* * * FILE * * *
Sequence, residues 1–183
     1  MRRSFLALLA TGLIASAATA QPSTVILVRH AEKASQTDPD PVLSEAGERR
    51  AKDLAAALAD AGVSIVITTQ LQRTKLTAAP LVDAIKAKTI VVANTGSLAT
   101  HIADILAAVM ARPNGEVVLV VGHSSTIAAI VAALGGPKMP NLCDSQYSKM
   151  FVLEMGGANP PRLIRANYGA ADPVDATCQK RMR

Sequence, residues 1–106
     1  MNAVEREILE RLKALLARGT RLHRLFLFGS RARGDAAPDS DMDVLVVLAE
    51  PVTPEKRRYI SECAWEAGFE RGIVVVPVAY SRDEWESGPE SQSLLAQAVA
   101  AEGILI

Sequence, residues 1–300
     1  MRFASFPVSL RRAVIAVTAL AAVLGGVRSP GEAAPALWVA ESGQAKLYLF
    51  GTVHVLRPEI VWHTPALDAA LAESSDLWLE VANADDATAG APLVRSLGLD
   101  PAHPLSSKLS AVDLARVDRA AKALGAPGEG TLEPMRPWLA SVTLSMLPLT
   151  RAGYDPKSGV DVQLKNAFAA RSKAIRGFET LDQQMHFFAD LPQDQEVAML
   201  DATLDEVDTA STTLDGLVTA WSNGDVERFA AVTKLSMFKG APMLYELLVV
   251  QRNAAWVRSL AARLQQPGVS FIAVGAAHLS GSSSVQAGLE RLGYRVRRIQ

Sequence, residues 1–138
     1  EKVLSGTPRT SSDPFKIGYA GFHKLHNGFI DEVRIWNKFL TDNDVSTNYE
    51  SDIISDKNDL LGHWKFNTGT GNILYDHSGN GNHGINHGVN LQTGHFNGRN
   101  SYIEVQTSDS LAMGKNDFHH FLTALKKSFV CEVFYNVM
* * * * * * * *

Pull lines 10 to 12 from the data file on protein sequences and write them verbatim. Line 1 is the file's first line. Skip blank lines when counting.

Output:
Sequence, residues 1–300
     1  MRFASFPVSL RRAVIAVTAL AAVLGGVRSP GEAAPALWVA ESGQAKLYLF
    51  GTVHVLRPEI VWHTPALDAA LAESSDLWLE VANADDATAG APLVRSLGLD